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The Daily Dispatch: December 19, 1860., [Electronic resource] 4 4 Browse Search
George Bancroft, History of the United States from the Discovery of the American Continent, Vol. 8 2 0 Browse Search
Hon. J. L. M. Curry , LL.D., William Robertson Garrett , A. M. , Ph.D., Confederate Military History, a library of Confederate States Military History: Volume 1.1, Legal Justification of the South in secession, The South as a factor in the territorial expansion of the United States (ed. Clement Anselm Evans) 2 0 Browse Search
A Roster of General Officers , Heads of Departments, Senators, Representatives , Military Organizations, &c., &c., in Confederate Service during the War between the States. (ed. Charles C. Jones, Jr. Late Lieut. Colonel of Artillery, C. S. A.) 2 0 Browse Search
Robert Underwood Johnson, Clarence Clough Buell, Battles and Leaders of the Civil War. Volume 4. 2 0 Browse Search
The Daily Dispatch: December 20, 1860., [Electronic resource] 2 2 Browse Search
Rebellion Record: a Diary of American Events: Documents and Narratives, Volume 2. (ed. Frank Moore) 2 2 Browse Search
Horace Greeley, The American Conflict: A History of the Great Rebellion in the United States of America, 1860-65: its Causes, Incidents, and Results: Intended to exhibit especially its moral and political phases with the drift and progress of American opinion respecting human slavery from 1776 to the close of the War for the Union. Volume I. 2 2 Browse Search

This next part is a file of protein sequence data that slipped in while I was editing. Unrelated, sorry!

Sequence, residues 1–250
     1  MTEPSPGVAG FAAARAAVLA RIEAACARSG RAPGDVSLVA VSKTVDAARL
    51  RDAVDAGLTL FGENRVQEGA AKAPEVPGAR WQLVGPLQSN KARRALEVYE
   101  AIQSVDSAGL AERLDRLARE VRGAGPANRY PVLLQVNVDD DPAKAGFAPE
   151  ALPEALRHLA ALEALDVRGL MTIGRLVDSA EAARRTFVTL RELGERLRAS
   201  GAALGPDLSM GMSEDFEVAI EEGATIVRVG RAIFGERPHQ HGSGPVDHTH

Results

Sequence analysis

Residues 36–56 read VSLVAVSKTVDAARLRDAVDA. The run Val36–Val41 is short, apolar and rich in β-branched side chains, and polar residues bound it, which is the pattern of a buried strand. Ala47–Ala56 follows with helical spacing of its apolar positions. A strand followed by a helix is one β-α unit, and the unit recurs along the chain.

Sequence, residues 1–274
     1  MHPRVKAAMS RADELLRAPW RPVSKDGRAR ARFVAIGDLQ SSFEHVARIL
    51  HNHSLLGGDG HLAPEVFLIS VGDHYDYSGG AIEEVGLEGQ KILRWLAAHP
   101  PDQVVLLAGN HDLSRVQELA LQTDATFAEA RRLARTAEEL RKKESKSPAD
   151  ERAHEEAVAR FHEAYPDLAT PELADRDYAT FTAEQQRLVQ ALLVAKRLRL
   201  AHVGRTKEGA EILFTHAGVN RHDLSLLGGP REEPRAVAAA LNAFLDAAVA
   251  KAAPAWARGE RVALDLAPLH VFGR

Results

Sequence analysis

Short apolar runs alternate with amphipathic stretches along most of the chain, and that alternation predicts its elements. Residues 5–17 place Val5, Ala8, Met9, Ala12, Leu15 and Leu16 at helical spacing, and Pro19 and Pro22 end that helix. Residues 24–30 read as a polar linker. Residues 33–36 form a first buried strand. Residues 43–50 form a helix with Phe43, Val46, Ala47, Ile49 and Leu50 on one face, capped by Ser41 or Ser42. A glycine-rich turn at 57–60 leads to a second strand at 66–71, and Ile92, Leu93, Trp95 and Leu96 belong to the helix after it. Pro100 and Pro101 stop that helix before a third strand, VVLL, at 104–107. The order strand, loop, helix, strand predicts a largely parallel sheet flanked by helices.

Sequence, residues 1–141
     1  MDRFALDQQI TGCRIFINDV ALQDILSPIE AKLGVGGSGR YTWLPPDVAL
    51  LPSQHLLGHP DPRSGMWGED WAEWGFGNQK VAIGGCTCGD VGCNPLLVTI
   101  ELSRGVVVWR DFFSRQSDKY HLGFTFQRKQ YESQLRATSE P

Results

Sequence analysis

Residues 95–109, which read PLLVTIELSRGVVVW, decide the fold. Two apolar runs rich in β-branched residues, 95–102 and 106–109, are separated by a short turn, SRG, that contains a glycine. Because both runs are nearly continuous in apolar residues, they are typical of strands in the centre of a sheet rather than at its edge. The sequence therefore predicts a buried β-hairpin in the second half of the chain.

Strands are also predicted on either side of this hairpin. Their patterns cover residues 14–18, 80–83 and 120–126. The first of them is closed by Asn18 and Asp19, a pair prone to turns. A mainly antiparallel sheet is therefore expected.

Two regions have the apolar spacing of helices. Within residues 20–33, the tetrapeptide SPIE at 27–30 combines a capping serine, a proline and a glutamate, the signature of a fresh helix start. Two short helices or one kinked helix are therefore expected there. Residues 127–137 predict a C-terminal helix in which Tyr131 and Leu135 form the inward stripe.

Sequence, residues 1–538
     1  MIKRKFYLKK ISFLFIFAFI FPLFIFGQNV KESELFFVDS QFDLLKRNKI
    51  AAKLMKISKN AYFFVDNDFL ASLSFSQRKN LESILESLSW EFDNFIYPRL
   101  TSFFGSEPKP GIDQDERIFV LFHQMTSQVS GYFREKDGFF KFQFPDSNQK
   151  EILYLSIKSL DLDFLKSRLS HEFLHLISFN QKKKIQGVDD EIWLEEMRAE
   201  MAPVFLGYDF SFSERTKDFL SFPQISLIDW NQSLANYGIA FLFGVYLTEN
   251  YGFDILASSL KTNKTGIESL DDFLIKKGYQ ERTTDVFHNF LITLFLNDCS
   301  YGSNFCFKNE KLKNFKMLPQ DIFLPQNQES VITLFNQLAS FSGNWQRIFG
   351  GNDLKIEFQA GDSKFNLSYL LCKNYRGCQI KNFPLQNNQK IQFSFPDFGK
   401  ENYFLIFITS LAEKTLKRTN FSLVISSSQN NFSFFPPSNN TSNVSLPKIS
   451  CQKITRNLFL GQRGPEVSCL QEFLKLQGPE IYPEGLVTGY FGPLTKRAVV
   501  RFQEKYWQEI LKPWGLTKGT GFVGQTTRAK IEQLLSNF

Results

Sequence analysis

Benson J. Lossing, Pictorial Field Book of the Civil War. Volume 2. 2 0 Browse Search
The Daily Dispatch: December 22, 1860., [Electronic resource] 1 1 Browse Search
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Browsing named entities in Rebellion Record: a Diary of American Events: Documents and Narratives, Volume 2. (ed. Frank Moore). You can also browse the collection for Inglis or search for Inglis in all documents.

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ion! Listen to some of the many expressions made in the South Carolina Convention by its master-spirits. Mr. Parker. It appears to me, with great deference to the opinions that have been expressed, that the public mind is fully made up to the great occasion that now awaits us. It is no spasmodic effort that has come suddenly upon us, but it has been gradually culminating for a long series of years, until at last it has come to that point when we may say the matter is entirely right. Mr. Inglis. If there is any gentleman present who wishes to debate this matter, of course this body will hear him; but as to delay for the purpose of discussion, I, for one am opposed to it. As my friend (Mr. Parker) has said, most of us have had this matter under consideration for the last twenty years, and I presume we have by this time arrived at a decision on the subject. Mr. Keitt. We are performing a great act, which involves not only the stirring present, but embraces the whole great future
e; it is impracticable. But, Mr. President, I concur fully with the distinguished Senator from Kentucky in the dislike expressed by him to a change in the form of our Government. He seemed to be apprehensive of a dictatorship. He feared there might be a change in the nature and character of our institutions. I could, if I chose, refer to many proofs to establish the fact that there has been a design to change the nature of our Government. I could refer to Mr. Rhett; I could refer to Mr. Inglis; I could refer to various others to prove this. The Montgomery Daily Advertiser, one of the organs of the so-called Southern Confederacy, says: Has it been a precipitate revolution? It has not. With coolness and deliberation the subject has been thought of for forty years; for ten years it has been the all-absorbing theme in political circles. From Maine to Mexico all the different phases and forms of the question have been presented to the people, until nothing else was thought